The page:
Extending your personal travel limits

By Randy Keck
This item appears on page 88 of the February 2008 issue.

Sometimes when I write about issues facing travelers, especially international travelers, the topic relates to only a portion of ITN readers. This is one of those occasions.

Each individual adapts to the aging process in his/her unique way. Some travel-oriented individuals seem to gradually lose touch with their sense of adventure because more energy and effort are required for certain activities than when they were younger. Often, this can be rationalized by a wide range of age-biased clichés, the queen bee of which may be “You’re not as young as you used to be.”

Buying into this de-energizing of the psyche can set into play a state of increasing timidity, which often invades both the mental and physical planes of one’s existence. This is not a natural part of the aging process. It is simply giving in to negative age stereotypes. Intelligent aging requires paying as much attention to mental health needs as physical conditioning, with attitude being an all-important factor.

The age of senior adventure travel

Today we see increasing numbers of people traveling successfully, especially on group tours, well into their 80s. Companies like ElderTreks (an ITN advertiser) cater specifically to the age-50-plus traveler, offering a wide range of small-group (maximum 16) adventure-oriented itineraries, some to very intriguing, off-the-beaten-path, challenging destinations.

For each itinerary, ElderTreks provides an activity rating from 1 to 5 regarding physical difficulty, with a description of both the physical and mental challenges the tour provides. This is very helpful with self assessment and often is the triggering catalyst for important questions related to the traveler’s individual situation. Some other tour operators also provide similar rating scales for their programs. In my opinion, all should.

“Challenge” is not a dirty word

In a recent discussion with ElderTreks’ president, Gary Murtagh, regarding extending personal travel limits, he offered the following insights: “As a tour operator dealing with age-50-plus travelers for two decades, one of the most important and challenging aspects of what we do is qualify people to get on the right trip, not only in terms of their ability but also their desire.

“Over the years, we have found some of our oldest group members to be the most fit, active and inspirational of travelers. They see life as a challenge that they want to meet head on. I have also seen the reverse, where people are physically capable of doing something but the limitation exists in their own head.”

Gary advised, to my surprise, that one of their current popular programs is a rather in-depth tour of Iran. This is an example of a program that might provide a mental challenge for some. Some of the ElderTreks hiking tours are examples of programs that might provide either a physical or mental challenge, or both, for participants.

When operating my former tour company’s tours to Australia, I observed many 50-plus travelers facing and overcoming a range of open-water-related fears in order to experience snorkeling at the Great Barrier Reef. Those who did tended to be exhilarated by the experience.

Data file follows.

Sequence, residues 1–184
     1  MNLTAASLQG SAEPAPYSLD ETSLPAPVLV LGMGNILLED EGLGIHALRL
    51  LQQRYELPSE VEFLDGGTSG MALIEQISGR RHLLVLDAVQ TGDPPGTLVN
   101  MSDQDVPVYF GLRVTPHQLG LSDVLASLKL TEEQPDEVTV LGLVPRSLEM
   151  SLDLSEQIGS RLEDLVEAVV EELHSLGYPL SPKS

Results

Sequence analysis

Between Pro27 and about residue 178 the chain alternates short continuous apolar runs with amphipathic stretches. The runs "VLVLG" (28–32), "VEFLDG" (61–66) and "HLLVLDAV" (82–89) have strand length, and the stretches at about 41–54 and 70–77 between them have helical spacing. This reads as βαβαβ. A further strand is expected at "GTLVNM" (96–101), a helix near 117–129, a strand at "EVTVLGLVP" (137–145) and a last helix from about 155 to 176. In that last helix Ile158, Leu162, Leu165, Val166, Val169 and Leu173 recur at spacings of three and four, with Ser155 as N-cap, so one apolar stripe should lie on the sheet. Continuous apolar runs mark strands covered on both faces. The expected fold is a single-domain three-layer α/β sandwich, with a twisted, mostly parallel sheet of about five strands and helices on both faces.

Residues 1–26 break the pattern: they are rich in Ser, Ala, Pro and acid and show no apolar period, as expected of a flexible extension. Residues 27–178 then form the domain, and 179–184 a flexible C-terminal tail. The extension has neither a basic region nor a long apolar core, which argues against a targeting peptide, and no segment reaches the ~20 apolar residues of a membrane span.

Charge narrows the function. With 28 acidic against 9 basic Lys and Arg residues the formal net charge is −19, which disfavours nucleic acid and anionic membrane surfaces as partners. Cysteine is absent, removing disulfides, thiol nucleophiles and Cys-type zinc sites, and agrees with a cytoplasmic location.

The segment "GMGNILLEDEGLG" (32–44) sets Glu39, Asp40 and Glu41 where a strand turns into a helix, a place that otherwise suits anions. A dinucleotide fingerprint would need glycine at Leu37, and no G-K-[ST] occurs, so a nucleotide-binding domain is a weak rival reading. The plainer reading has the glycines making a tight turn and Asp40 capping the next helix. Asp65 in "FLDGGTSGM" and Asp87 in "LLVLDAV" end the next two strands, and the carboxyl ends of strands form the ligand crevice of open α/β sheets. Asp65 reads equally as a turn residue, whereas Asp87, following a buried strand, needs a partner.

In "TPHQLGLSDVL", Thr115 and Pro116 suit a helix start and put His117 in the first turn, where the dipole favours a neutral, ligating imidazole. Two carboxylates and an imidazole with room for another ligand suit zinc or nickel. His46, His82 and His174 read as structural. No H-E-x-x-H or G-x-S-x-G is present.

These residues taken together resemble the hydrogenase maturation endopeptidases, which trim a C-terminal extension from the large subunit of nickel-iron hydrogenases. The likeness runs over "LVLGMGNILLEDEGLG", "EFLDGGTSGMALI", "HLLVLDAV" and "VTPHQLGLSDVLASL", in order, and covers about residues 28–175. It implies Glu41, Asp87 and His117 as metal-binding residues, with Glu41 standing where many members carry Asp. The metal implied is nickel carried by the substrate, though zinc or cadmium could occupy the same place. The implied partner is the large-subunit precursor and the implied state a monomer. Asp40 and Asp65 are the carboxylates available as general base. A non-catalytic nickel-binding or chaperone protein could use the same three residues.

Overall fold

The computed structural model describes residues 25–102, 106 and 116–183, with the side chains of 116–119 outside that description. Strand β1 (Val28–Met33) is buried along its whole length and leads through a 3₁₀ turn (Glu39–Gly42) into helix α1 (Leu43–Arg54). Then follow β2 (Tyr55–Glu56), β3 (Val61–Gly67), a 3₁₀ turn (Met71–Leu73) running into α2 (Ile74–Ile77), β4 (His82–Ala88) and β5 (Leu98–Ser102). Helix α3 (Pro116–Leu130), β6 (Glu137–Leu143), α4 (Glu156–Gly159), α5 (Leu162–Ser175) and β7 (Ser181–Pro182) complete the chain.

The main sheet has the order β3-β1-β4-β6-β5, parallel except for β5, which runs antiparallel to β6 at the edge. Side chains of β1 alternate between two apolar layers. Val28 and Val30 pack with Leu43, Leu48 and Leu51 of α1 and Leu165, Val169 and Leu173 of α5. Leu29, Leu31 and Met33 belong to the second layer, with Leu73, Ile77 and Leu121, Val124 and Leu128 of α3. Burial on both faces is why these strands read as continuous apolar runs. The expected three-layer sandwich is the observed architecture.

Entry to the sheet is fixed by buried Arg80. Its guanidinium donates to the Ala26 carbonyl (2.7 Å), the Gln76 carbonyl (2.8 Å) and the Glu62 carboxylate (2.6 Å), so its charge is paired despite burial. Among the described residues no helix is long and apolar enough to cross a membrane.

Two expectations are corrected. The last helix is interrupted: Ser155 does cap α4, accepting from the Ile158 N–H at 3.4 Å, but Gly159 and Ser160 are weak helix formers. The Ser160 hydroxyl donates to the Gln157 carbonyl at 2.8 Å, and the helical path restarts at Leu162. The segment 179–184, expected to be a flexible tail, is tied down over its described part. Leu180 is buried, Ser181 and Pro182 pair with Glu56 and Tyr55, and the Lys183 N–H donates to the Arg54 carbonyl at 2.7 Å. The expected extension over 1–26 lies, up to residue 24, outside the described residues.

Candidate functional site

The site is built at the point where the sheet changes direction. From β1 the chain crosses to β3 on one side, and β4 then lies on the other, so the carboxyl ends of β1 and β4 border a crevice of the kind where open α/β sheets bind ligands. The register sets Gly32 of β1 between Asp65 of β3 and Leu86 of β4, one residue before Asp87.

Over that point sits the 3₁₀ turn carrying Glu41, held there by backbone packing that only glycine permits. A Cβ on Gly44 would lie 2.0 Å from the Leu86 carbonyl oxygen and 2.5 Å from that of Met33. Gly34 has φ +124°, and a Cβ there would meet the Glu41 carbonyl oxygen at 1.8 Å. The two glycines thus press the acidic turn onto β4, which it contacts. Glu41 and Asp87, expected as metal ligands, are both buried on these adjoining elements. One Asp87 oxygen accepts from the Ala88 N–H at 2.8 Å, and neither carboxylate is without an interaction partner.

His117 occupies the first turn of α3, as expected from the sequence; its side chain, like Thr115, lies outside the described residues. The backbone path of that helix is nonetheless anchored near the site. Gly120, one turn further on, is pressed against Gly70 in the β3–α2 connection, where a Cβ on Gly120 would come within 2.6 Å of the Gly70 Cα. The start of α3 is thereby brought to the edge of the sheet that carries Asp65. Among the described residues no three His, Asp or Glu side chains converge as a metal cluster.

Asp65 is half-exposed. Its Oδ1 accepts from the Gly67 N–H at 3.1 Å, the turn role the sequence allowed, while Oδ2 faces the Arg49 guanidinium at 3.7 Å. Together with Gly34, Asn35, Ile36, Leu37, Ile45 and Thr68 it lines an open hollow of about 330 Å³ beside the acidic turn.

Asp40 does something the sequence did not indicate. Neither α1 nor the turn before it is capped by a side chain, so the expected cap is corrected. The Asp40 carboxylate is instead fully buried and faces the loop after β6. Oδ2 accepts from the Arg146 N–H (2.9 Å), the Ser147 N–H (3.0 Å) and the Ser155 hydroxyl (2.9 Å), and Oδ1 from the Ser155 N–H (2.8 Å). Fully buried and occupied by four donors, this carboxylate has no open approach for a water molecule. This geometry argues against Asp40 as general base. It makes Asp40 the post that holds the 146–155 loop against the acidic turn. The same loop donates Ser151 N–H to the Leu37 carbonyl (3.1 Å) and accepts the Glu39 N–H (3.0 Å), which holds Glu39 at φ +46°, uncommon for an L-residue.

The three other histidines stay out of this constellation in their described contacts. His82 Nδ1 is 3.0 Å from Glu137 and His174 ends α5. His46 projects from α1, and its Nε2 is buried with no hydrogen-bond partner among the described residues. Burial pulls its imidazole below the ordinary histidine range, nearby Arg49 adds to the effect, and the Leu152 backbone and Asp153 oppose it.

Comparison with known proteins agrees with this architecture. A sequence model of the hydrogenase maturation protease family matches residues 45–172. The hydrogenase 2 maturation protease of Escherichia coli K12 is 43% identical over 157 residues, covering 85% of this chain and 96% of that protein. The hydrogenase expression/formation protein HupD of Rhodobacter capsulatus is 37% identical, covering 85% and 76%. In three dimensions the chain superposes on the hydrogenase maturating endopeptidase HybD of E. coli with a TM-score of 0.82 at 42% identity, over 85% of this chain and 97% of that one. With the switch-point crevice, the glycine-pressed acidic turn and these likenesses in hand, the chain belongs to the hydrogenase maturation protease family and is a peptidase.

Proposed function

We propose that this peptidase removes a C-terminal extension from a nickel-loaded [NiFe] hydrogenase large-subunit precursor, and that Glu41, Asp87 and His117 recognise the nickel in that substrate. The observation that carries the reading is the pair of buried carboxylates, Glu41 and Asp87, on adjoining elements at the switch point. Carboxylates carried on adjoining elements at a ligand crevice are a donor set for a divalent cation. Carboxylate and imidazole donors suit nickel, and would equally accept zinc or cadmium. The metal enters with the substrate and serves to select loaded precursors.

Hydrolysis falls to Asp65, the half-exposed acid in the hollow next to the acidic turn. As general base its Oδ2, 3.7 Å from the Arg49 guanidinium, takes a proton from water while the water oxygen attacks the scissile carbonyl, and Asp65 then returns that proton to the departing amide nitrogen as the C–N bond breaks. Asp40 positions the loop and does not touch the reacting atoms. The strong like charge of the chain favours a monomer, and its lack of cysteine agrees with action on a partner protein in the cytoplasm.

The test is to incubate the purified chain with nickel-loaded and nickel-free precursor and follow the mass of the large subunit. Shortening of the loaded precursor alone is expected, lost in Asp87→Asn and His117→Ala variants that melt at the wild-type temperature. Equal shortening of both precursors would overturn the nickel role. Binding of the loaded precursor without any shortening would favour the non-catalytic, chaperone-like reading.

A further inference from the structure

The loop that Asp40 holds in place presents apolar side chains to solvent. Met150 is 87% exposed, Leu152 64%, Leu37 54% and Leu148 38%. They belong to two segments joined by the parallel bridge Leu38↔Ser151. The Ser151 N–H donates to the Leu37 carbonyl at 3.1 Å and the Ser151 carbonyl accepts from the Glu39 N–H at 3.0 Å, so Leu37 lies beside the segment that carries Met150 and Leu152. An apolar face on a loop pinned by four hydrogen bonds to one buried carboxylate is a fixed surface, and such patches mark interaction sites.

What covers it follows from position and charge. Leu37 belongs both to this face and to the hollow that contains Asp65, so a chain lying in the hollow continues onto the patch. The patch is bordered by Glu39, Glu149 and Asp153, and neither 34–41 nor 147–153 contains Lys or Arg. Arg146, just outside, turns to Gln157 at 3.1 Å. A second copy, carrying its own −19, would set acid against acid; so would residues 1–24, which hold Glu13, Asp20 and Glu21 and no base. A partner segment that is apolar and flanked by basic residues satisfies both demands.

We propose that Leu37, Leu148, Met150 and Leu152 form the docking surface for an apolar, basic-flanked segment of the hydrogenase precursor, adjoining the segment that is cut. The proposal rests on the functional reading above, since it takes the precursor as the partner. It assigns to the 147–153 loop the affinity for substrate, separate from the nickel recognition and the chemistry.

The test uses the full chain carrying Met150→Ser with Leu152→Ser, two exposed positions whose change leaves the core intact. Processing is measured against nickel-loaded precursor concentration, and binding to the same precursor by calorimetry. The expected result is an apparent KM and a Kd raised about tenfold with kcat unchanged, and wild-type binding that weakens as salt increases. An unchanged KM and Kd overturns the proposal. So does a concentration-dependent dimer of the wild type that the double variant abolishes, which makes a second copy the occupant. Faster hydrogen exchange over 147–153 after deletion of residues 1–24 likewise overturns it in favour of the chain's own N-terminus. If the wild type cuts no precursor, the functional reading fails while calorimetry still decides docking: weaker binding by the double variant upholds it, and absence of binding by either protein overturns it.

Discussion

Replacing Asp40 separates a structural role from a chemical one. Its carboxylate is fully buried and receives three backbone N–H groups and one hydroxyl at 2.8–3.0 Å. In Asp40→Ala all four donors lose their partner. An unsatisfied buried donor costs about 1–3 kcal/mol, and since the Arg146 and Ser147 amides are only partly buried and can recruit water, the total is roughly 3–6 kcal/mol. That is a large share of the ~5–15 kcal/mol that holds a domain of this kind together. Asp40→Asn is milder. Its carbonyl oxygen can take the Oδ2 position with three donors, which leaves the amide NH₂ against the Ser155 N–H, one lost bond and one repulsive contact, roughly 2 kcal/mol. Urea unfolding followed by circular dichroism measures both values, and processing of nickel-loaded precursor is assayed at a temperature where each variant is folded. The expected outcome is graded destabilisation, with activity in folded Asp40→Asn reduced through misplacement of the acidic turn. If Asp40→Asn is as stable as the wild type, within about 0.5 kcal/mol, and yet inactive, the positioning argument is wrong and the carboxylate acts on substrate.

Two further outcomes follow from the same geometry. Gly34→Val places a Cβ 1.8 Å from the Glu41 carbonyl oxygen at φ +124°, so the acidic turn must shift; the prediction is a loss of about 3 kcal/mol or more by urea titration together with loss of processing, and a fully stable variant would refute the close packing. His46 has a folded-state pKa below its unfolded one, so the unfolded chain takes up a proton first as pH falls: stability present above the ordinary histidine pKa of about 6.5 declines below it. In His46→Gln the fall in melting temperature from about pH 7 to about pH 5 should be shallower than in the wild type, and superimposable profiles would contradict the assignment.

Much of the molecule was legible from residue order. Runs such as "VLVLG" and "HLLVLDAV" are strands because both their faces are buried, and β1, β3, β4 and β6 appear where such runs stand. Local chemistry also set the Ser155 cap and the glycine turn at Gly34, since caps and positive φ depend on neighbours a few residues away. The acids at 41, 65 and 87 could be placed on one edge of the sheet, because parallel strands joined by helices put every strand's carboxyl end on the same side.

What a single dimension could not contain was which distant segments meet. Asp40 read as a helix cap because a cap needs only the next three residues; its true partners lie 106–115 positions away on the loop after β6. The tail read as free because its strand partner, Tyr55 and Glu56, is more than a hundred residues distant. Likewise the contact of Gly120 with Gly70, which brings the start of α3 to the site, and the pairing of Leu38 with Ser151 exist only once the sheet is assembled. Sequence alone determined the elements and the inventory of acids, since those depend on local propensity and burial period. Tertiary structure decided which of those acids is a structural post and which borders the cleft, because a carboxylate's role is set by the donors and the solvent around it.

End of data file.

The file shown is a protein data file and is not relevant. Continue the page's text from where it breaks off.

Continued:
For any adventure program being considered, a down-and-dirty, all-cards-on-the-table discussion with the tour operator or other travel provider regarding the physical and mental challenges is strongly recommended. By being objective, you can learn to trust your instincts regarding the responses you receive in terms of personal comfort level

Does the company, via their point-of-contact reservations personnel, seem to be more interested in insuring the right fit for each traveler and travel product or in just selling a program?

The bottom line

It is basic common sense that one should never attempt a travel program for which one is physically, mentally or emotionally unprepared. Having said that, we finally arrive at the primary thesis of this article: DON’T SELL YOURSELF SHORT!

“Challenge” is not a dirty word. Finding, accepting, dealing with and overcoming challenges is how we insure that we continue to grow as humans at any age. There is no “senior” exception to this reality. Assumption is no more valid as a senior than at any other age.

So here is my personal challenge to readers who are able: EXTEND YOUR PERSONAL TRAVEL LIMITS! Reach into your reservoirs of energy and undertake a travel program that will challenge you in the most positive sense of that word’s definition.

In terms of world travel, we are the beneficiaries of good fortune in living in the age we do. So many previously unreachable areas of the world are now accessible via reliable small-group touring. So take self counsel, then proceed not with reckless but confident abandon — and with a swagger in your step — beyond your previously self-imposed travel limits into the world of greater adventure that beckons.

Final caveats

In assessing personal travel options and limitations, it is necessary for travelers of any age to possess the wisdom to be able to differentiate between courage and stupidity.

This is especially important with senior travelers possessing physical and other limitations who are assessing adventure-oriented travel itineraries.

The refusal to be realistic about your capabilities can cause both you and your fellow travelers undue hardship.

Keck's Beyond the Garden Wall

❝ Suffer not the slings of veracious disdain
that from the pores of woefulness leach,
opportunity cast adrift in seas of doubt
Nay, with presence of self,
venture forth brave of spirit into the chasma,
Embolden the unknown. ❞
— Randy effusively espousing on the subject of this column